February 22, 2018

Promotion Versus Attraction

Magnet from Clker MediumSometimes I’ll be in the middle of a discussion with other leatherfolk or kinksters and the topic of “who belongs” in certain kink environments comes up. This seems to arise more often amid people who identify with leather as opposed to those who identify as kink, but it’s still a common area of discussion in both camps.

This is always a tricky discussion because I see it as almost always situational. In other words, it truly depends on the specific kink environment you’re discussing. Leather bar? Public dungeon? Private play party. Kink conference? Classes? And so on.

However, that’s not entirely the point of this post, but I felt the need to bring up the “who belongs” discussion first because it relates directly to the actual point of this post. Which is…

Should we as a set of leather and kink communities be actively promoting through outreach into non-kinky communities with the hopes of attracting more kink community members, or should we instead simply allow attraction to bring people into the fold by them finding us through their active explorations of their own sexualities?

I think this is sort of a big deal question and at least tangentially relates to a lot of other hot topic discussions going on within the leather and kink scenes.

As some pertinent background, a past post of mine, Are Our Education Efforts Backfiring, in part discusses the historically somewhat newer effort to do outreach education to those outside of our kink networks to bring them into the fold.

In that post I make the case that spoon feeding the general public kinky scenes or detailed information outside of an understandable context isn’t wise. Yes, we can make educational and learning opportunities known to the public. But if someone doesn’t have the motivation and drive to expend at least the effort it takes to show up at a more private, controlled event, do we really want them in the scene in the first place?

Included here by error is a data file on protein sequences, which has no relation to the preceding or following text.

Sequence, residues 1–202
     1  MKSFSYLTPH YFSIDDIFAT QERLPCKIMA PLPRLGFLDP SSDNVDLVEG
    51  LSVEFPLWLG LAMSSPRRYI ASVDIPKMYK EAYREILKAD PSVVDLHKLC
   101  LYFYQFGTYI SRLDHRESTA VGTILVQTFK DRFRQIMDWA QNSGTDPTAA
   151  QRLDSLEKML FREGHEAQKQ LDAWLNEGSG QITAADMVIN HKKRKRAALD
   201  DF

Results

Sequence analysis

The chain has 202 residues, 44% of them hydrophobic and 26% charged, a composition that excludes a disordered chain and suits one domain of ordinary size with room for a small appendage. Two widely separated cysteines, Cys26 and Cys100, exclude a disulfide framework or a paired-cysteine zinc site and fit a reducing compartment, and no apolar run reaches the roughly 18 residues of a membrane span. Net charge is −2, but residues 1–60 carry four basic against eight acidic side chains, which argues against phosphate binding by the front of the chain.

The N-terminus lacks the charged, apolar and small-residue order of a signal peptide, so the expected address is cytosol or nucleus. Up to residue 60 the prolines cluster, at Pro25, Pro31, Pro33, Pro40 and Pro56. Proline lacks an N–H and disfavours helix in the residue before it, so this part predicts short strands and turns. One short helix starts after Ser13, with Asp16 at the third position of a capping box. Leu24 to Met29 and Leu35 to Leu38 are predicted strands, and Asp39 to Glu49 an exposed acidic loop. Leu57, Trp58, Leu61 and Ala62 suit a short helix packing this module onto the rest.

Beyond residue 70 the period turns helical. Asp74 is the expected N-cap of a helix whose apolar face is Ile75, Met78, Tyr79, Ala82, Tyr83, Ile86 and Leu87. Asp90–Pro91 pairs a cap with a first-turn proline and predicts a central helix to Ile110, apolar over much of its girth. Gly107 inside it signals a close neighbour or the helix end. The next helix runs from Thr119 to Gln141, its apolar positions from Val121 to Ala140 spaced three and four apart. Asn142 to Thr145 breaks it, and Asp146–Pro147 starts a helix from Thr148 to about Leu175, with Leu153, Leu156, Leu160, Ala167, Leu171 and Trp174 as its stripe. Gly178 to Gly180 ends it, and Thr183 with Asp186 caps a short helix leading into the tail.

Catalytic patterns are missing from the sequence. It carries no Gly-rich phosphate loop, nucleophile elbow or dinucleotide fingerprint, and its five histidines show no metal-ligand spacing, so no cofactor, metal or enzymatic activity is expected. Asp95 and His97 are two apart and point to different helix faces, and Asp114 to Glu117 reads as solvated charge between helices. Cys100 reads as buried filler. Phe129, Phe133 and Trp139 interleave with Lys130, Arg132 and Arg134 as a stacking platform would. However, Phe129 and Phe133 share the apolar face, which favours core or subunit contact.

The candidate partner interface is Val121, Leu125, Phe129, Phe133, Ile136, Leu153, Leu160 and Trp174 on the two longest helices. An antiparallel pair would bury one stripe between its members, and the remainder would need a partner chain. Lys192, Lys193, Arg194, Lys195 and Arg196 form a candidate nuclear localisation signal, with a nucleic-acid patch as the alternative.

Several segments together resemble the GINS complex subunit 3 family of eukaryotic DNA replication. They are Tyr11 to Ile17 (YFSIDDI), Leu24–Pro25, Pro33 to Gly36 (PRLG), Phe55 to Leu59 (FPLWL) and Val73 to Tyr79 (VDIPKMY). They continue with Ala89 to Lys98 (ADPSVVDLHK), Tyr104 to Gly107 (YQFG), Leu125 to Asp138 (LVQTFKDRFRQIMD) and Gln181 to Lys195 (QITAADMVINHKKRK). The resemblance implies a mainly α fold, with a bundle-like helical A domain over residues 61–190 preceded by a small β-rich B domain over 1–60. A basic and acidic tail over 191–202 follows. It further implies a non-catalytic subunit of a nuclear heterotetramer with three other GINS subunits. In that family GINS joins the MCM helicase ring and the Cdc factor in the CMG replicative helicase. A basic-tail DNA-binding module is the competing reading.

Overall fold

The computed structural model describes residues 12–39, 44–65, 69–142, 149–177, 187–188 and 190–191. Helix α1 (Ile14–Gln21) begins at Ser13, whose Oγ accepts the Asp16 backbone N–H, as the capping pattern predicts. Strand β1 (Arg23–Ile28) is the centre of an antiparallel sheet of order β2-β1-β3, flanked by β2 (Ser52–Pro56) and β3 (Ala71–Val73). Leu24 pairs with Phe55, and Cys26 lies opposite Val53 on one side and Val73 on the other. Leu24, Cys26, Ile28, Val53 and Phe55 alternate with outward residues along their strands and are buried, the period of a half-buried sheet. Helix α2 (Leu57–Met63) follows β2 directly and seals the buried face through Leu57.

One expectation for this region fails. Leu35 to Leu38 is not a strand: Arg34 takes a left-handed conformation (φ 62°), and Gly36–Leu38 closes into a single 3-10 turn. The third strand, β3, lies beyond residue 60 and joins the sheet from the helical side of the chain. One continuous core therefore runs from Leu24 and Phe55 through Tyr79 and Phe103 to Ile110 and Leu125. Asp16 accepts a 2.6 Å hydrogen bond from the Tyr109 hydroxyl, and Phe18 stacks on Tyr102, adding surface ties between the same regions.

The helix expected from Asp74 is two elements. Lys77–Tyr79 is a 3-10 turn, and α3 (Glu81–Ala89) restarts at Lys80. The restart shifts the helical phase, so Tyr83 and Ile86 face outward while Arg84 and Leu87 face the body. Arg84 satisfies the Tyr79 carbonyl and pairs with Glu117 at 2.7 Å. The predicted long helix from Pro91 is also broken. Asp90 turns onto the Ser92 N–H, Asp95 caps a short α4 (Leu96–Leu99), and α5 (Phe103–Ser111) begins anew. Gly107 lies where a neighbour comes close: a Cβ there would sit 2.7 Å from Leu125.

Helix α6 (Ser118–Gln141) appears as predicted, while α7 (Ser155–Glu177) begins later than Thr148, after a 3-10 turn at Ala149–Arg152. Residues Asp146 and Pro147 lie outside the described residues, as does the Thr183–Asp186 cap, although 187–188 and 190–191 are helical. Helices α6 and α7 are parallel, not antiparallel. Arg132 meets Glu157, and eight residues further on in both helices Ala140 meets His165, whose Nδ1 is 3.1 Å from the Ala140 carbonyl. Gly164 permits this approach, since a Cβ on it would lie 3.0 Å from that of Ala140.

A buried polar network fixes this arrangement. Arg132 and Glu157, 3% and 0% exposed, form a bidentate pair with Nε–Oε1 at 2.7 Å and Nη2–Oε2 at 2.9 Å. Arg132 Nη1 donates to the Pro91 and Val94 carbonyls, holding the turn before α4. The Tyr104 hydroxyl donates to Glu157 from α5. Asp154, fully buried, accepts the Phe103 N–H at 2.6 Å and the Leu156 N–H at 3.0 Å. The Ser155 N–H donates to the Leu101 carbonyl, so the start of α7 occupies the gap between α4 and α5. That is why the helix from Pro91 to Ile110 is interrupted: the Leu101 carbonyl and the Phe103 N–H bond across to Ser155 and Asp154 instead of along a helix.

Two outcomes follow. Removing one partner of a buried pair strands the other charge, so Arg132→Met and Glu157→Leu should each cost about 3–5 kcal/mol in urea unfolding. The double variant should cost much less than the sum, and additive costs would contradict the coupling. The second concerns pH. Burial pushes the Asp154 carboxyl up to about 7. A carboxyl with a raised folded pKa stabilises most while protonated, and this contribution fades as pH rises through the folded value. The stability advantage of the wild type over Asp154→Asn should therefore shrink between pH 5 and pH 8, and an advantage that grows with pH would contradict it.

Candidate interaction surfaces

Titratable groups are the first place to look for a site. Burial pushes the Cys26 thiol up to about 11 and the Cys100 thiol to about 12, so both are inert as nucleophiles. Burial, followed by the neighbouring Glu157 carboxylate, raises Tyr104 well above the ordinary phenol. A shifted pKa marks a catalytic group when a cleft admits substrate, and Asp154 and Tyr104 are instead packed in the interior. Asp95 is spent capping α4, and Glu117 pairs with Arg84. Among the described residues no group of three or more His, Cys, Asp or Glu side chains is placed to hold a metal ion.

Anyway, back to promotion (outreach) versus attraction.

I’d like to make the case that our scene should generally err on the side of attraction and not promotion. I think there can absolutely be some value and benefit to being visible, out, and claiming our rightful space amid other sexualities or identities. But in what way does active promotion beyond that really benefit our scene? I contend little. And not only may it not add to our scene, it might indeed detract.

Perhaps we attract some otherwise non-kinky person to join our ranks. They enjoy the social aspects of what we do without necessarily really understanding the internal lifeblood of what we do and who we are. Some of those people might even become integral parts of the scene socially, with some even attempting to elevate themselves in prominence and power through leather contests, club and organization boards, and so on.

I know it’s not a perfect analogy, but I liken it to a non-LGBT person running an LGBT civil rights organization and determining what’s appropriate behavior, what values should be enshrined, and crafting goals and objectives. That doesn’t make a lot of sense. Yes, “maybe” the rare individual can empathize fully with the camp of which they are not actually a member, but are the chances good for that to occur? Is it worth the risk?

Now, some of what I’ve said above is moot because the leather and kink world gates have already swung open widely in many arenas. I’m not sure we can necessarily put that genie back in the bottle in all cases. But if we keep in mind that the leather and kink communities are not necessarily always places for everyone of every stripe and persuasion, maybe we’ll experience less drama and conflict within our ranks.